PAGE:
To the immediate northeast of the tower is a small concrete building, built during the 20th century as a bird observatory, along with a ruinous stone wall, within which previously sat a wooden shed which housed stores for the lighthouse. None of the other buildings are of interest in listing terms.

Historic interest

Age and rarity

Lady Isle is of interest as it belongs to the early period of the transition between the last manned lighthouses and the earliest examples of automated lights. It is one of 75 un-manned minor lights built around Scotland by David A and Charles Stevenson after the first introduction of automated lights with temporary beacon lights in the Sound of Mull and at Stroma in the Pentland Firth in 1890 (Munro 1979: 200) and the conversion of the Oxcars Lighthouse from oil to gas-powered light in 1894 (Strachan 2016). Unlike Lady Isle Lighthouse, many of David A. Stevenson's minor automated lights were of a standardised cast-iron design.

There are over 200 operational Northern Lighthouse Board lighthouses within Scotland, with many other examples either decommissioned or operated by other organisations and groups. They range from elegant stone pinnacles on remote reefs far out to sea, to small navigational beacons and modern modular lights. Of these, around 150 lighthouses of various shapes, sizes and types are currently designated as either listed buildings or scheduled monuments, representing a wide range of specific navigational dangers that required marking at night.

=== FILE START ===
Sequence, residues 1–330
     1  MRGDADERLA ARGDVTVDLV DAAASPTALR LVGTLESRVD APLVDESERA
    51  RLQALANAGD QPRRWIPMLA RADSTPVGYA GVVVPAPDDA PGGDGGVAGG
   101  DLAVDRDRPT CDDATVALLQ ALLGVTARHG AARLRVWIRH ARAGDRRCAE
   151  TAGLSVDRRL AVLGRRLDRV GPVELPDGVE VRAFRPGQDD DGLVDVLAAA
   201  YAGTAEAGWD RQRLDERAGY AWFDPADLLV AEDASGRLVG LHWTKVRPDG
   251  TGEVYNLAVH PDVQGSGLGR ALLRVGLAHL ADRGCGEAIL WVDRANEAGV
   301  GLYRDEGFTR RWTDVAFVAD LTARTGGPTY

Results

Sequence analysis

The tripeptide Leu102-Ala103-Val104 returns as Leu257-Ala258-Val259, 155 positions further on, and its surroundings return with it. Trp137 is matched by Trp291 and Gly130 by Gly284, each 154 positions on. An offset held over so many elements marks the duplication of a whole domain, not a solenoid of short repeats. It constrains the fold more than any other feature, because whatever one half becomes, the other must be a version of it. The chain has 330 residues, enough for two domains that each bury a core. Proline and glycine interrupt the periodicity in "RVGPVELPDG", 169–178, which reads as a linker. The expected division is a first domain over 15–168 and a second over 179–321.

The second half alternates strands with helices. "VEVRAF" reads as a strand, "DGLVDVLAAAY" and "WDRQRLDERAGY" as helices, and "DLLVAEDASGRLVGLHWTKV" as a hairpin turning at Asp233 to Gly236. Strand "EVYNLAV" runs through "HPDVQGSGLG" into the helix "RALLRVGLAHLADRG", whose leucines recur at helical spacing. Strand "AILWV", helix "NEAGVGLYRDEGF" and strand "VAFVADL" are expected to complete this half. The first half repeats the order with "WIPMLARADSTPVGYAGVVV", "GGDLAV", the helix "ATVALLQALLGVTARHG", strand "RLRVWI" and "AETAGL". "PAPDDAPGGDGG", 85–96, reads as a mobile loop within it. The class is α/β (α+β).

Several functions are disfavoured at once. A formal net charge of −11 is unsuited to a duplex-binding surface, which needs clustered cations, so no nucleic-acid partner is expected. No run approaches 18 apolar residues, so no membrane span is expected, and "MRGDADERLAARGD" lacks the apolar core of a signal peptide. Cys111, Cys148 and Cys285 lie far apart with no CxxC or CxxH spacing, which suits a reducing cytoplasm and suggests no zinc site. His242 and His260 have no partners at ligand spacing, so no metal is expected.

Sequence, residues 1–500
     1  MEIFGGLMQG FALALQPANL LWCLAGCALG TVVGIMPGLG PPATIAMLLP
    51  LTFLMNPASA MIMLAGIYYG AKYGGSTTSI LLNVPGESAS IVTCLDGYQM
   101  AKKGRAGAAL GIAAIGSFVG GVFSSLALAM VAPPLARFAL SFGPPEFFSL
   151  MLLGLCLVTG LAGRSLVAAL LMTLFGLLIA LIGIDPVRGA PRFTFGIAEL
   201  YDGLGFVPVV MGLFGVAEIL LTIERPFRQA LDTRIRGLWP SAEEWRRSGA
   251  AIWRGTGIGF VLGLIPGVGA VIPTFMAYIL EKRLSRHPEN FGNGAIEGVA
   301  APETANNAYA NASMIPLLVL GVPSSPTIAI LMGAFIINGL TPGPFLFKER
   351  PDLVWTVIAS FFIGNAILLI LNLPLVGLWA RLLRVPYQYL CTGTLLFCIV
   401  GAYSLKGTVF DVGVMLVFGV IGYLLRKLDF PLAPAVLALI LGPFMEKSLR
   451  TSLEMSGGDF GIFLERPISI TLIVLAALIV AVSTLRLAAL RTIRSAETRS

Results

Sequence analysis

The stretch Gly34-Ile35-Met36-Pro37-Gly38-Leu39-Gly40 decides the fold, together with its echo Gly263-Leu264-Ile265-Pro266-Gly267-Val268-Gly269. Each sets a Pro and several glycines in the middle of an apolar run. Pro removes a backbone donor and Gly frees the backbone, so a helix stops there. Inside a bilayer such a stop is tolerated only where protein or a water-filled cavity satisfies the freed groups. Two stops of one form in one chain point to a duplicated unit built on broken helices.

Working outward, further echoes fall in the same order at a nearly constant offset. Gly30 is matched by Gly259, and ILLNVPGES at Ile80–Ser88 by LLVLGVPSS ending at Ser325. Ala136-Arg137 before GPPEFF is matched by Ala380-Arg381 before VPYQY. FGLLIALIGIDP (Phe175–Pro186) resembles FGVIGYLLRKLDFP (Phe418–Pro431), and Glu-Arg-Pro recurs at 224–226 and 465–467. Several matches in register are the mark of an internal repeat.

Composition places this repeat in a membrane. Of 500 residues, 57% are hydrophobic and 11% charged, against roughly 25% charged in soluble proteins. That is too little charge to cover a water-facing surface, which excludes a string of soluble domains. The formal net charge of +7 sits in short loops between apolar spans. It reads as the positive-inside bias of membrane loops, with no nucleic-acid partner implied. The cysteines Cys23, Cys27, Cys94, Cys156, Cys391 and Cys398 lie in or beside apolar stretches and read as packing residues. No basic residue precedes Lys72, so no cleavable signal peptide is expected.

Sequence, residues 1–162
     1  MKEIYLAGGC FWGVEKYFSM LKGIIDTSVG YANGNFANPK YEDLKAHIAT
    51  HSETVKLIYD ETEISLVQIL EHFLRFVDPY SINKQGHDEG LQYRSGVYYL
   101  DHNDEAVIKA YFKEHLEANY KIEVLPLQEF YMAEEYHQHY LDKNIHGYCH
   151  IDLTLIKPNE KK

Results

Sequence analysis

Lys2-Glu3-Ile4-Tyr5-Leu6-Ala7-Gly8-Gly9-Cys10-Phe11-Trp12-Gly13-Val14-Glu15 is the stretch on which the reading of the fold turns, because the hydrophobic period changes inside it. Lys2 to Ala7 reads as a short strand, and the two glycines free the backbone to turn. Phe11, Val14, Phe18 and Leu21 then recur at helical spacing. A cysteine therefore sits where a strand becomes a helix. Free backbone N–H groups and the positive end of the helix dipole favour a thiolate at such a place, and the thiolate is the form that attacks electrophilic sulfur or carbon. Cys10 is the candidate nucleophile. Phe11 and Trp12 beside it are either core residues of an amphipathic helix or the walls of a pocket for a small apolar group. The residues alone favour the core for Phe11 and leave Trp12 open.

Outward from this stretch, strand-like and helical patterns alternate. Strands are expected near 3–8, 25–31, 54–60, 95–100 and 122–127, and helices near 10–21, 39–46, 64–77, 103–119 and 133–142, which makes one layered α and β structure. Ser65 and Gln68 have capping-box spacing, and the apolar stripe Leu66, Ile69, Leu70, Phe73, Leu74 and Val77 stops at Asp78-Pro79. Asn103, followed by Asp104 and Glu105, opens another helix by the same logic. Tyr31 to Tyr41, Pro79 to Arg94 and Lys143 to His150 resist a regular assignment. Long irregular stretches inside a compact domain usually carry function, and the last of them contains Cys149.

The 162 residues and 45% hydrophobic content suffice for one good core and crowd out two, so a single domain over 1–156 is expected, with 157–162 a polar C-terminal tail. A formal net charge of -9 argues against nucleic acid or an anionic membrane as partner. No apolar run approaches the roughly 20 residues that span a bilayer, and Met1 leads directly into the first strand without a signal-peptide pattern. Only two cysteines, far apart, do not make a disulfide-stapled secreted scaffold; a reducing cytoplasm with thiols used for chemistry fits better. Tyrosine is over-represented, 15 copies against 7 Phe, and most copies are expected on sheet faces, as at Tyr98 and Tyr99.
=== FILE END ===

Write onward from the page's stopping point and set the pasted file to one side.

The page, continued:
The earlier navigational beacon is also of interest as a relatively early example of a navigational aid within the Firth of Clyde, one of Scotland's major shipping and trade routes for many centuries.

Social historical interest

Lady Isle Lighthouse and navigational beacon are of social historical interest in helping us to understand the contribution made by navigational aids like lighthouses and beacons, in safeguarding shipping around the coast of Scotland, and how the design and operation of navigational beacons lighthouses changed from the 18th until the early 20th century.